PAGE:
Assistant Professor of English, University of Michigan-Flint. I research and teach rhetoric, technology, and writing.
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Russia and Rot

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If Trump colluded with the Russians to influence the election, it would be a very bad thing. If said collusion provides a path to remove him from office, then that would be a good thing. That both of those points are true, however, does not detract from the equally true fact that liberal obsession with the Russia issue is a symptom of a much deeper blindness about the reality of our political situation.

Unless the Russians literally hacked into voting machines — which no one is alleging as far as I can tell — then their interference ultimately depends on finding a receptive audience. Putin did not and could not create such an audience. That is a completely home-grown phenomenon. Assuming the Russia story is true, it is undoubtedly bad that Putin was able to manipulate the American public with transparent bullshit, to the point that a vulgar incompetent bigot who has never held a job in his life could be appointed to the most powerful office on earth. No question, we’re dealing with something bad that we should be upset about. And yet surely the very fact that such a scheme was possible in the first place is the real problem. It points to a deep rot in American public discourse, of which anyone who has ever visited home for Thanksgiving was surely aware.

The Democratic leadership, it appears, has never visited home for Thanksgiving. The very fact that they could nominate Hillary Clinton in an election where literally everything the Democrats have achieved in the last eight years depended on keeping a Democrat in the White House shows how profoundly naive they are. One of the most notable symptoms of the rot in American political discourse is that approximately 40% of our fellow citizens will believe anything about Hillary Clinton, as long as it’s bad. They don’t even need to be directly presented with the evil deeds — they can piece them together from any available evidence, such as her campaign manager’s suggestion, leaked as part of the nefarious e-mails, that they go to a particular pizza parlor. This led to a viral story about how Hillary Clinton was running a child molestation club. The fact that this kind of obvious bullshit was not reported to oblivion on social media, the fact that reasonable conservatives did not shame their friends and relatives for sharing such a shameful thing, is a symptom of the rot.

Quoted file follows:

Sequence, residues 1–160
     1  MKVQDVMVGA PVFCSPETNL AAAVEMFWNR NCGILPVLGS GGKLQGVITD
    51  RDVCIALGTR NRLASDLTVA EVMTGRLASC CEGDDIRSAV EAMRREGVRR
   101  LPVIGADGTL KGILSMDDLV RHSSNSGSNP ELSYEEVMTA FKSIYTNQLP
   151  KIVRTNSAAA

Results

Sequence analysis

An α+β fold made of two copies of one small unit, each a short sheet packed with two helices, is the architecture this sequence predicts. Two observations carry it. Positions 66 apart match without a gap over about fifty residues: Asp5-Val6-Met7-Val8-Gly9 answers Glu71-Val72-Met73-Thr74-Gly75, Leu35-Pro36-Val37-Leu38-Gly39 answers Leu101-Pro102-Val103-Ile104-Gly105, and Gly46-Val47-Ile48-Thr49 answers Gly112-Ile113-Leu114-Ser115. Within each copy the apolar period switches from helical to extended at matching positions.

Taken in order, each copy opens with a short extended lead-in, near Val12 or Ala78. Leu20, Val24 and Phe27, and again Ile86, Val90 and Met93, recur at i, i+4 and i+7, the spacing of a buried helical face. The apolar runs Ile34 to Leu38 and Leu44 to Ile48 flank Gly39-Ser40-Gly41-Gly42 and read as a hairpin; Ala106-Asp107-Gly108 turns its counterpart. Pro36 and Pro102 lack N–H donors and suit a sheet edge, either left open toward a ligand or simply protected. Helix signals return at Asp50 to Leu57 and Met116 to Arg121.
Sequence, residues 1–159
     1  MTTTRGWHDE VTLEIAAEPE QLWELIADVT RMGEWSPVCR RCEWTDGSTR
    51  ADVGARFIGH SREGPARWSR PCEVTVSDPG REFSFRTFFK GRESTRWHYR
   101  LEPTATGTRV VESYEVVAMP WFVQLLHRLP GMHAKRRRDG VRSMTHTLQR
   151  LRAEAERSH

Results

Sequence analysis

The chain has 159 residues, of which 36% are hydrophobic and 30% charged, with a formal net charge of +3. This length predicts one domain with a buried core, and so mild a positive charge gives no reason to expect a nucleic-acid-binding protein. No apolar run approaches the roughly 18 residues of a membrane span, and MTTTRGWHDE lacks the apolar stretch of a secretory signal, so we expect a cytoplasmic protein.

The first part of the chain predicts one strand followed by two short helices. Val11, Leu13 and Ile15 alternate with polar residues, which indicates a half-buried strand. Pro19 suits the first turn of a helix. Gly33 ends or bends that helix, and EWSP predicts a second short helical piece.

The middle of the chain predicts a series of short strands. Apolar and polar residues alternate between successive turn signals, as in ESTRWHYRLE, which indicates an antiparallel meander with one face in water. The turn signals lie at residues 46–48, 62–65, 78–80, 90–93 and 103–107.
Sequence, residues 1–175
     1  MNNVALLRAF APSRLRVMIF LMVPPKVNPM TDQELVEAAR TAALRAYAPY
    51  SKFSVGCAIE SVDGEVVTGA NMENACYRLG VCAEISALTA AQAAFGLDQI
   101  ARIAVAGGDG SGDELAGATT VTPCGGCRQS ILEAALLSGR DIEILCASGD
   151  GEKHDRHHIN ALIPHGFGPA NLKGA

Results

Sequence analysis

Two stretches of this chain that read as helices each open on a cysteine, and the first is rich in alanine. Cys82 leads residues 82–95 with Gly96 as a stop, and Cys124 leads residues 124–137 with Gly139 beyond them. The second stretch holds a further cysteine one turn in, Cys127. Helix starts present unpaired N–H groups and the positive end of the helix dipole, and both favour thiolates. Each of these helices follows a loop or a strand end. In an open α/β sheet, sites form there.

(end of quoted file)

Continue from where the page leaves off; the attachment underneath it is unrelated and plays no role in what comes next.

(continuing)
It’s not fair to Hillary Clinton, but I don’t care about Hillary Clinton’s personal ambitions. The country was not worth risking for the sake of eking out a historic win for her. The hatred of 40% of Americans for Hillary Clinton is a fact, as is the fact that many of those Americans are college-educated suburban American women. I know one of those women: my own mother, who could never bring herself to vote for someone so vile as Hillary Clinton and who didn’t vote for Trump so much as against that woman. Alienating the Democratic base for the sake of reaching those women was delusional, just as assuming that once the Russia connections are revealed, surely Trump supporters will realize they were scammed is delusional. There was already ample evidence that Trump was running a scam. There has seldom been as much evidence for anything in all of human history. Is adding Russia into the mix going to tip the balance? We already know that many Trump supporters are all too eager to embrace Russia as an ally precisely because Trump is favorable to Putin — what do you expect to happen when they learn that Russia is helping their idol?

We may be past the point of persuasion here, at least when it comes to Trump’s person. There may still be room for persuasion when it comes to things that affect people’s lives — like health care, for instance, where there has been a groundswell of revulsion against the Republicans’ sick policy proposals. Against all odds, it would appear that the Rube Goldberg machine we know as Obamacare managed to convince many of our fellow citizens that guaranteeing access to health care is a good idea, a fact to which Trump testified through his transparent lies about replacing it with something “even better.”

We know there is only one possible policy outcome that is significantly better than Obamacare: single-payer healthcare. So naturally, the Democrats are digging in their heels and refusing to do anything that could change the brilliant policy that arguably cost them the House and, via the redistricting that Republicans controlled after 2010, all hope for the future. Obamacare is the thing that the Democrats did, and we need to respect that by doing nothing further. And this is vintage Hillary Clinton, who all but told us outright that she wasn’t going to patronize us by hinting that anything could ever get better.

America is already great! Can you blame the unwashed red-state masses who read the campaign as a declaration that the people they hate wanted them to hate Trump more? Yes, yes, they should have known. They should have woken up and stood in line and defied their communities and churches so that they could vote for the party of nothing, headed up by the person they’ve been trained to hate for the last twenty years. How could they have been so stupid? The only answer is to keep offering them nothing and telling them they’re stupid, until they finally come around.